Nguyen Ai Quoc (an alias of Ho Chi Minh during his revolutionary activities abroad) received a letter from Phan Chu Trinh, a great patriot who had very close relationships with Vietnamese expatriates in France. Although Trinh was older and more experienced than Nguyen Ai Quoc, he recognized that his path would not lead to the liberation of the nation and that that task would fall on Nguyen Ai Quoc.
Uncle Ho and farmers fight against drough in Ha tay Province in 1958.
Trinh wrote candidly about the differences in the roadmaps for national liberation he and Nguyen Ai Quoc had drafted. He criticized Nguyen Ai Quoc for certain things and wrote from the heart: “Now I am like a caged bird. Besides, old trees are easily stirred by the wind, old men easily forget, and my status is that of a waning tree”
He praised the younger man thus: “You are a budding tree, full of energy, very eager to learn, and a master of theory. I believe that the doctrine (the Communism) you are following would put down roots in our people soon.”
Just eight years after receiving the letter from Phan Chu Trinh, Nguyen Ai Quoc completed his mission of establishing Vietnam’s Communist Party on February 18, 1930, and issued “the Appeal.”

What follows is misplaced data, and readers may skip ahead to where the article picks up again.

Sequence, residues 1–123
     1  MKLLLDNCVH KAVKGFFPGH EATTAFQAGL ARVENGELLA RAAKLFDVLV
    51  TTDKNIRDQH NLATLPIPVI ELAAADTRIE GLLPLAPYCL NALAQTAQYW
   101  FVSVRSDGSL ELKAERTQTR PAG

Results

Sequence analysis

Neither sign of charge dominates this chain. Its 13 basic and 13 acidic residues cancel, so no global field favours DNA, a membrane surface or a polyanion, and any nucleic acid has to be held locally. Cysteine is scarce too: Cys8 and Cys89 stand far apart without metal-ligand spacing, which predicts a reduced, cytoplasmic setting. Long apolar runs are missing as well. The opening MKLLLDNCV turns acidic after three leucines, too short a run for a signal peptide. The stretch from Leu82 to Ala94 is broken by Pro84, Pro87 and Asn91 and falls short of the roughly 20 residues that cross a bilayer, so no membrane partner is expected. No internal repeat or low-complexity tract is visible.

“We must join the Party, support the Party, and follow it to overthrow French imperialists, Vietnamese feudalism, and the counterrevolution bourgeoisie, turn Annam (The French name for Vietnam during their invasion) into an independent nation, found a government of workers, peasants, and soldiers… bring freedom to the people, and achieve educational and sex equality nationwide.”
President Ho Chi Minh sent a diplomatic letter to China, the US, the USSR, and Britain, laying bare the French colonialists’ plot to reconquer Vietnam and calling on them to intervene immediately to prevent a bloody war in Southern Vietnam and resolve the issues in Indochina.”
The president said in the letter, “We are determined to fight until our last drop of blood to prevent a recurrence of French imperialism” and suggested taking the “Indochina issue to the UN.”
The second congress of the Vietnamese Labor Party elected Ho Chi Minh as its president.
It was the first day of the Year of the Dog. The President called on People’s Army units, factories, the University of Technology, ethnic Chinese, and southern cadres and sent a letter to a school for wounded soldiers.
President Ho Chi Minh wrote an article titled “better by far” in which he said: “So we must cut out unnecessary conversations and make attempts to tackle practical problems to increase labor productivity. ‘High labor productivity-high saving-high production’ means high living standards. This is the path to our development.”
By Duong Trung Quoc* and co-writers
*The author is a historian and member of the National Assembly